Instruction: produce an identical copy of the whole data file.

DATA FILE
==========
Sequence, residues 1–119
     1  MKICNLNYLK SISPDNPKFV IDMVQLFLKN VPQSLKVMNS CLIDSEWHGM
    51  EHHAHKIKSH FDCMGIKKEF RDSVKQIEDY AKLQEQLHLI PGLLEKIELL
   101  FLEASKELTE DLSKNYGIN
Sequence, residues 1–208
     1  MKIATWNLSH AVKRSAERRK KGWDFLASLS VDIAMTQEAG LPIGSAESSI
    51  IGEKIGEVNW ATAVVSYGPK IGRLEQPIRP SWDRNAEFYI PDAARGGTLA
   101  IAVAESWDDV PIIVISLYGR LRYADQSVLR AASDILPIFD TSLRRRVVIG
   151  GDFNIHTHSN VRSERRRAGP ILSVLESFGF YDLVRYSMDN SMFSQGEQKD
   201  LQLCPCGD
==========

Sequence, residues 1–119
     1  MKICNLNYLK SISPDNPKFV IDMVQLFLKN VPQSLKVMNS CLIDSEWHGM
    51  EHHAHKIKSH FDCMGIKKEF RDSVKQIEDY AKLQEQLHLI PGLLEKIELL
   101  FLEASKELTE DLSKNYGIN
Sequence, residues 1–208
     1  MKIATWNLSH AVKRSAERRK KGWDFLASLS VDIAMTQEAG LPIGSAESSI
    51  IGEKIGEVNW ATAVVSYGPK IGRLEQPIRP SWDRNAEFYI PDAARGGTLA
   101  IAVAESWDDV PIIVISLYGR LRYADQSVLR AASDILPIFD TSLRRRVVIG
   151  GDFNIHTHSN VRSERRRAGP ILSVLESFGF YDLVRYSMDN SMFSQGEQKD
   201  LQLCPCGD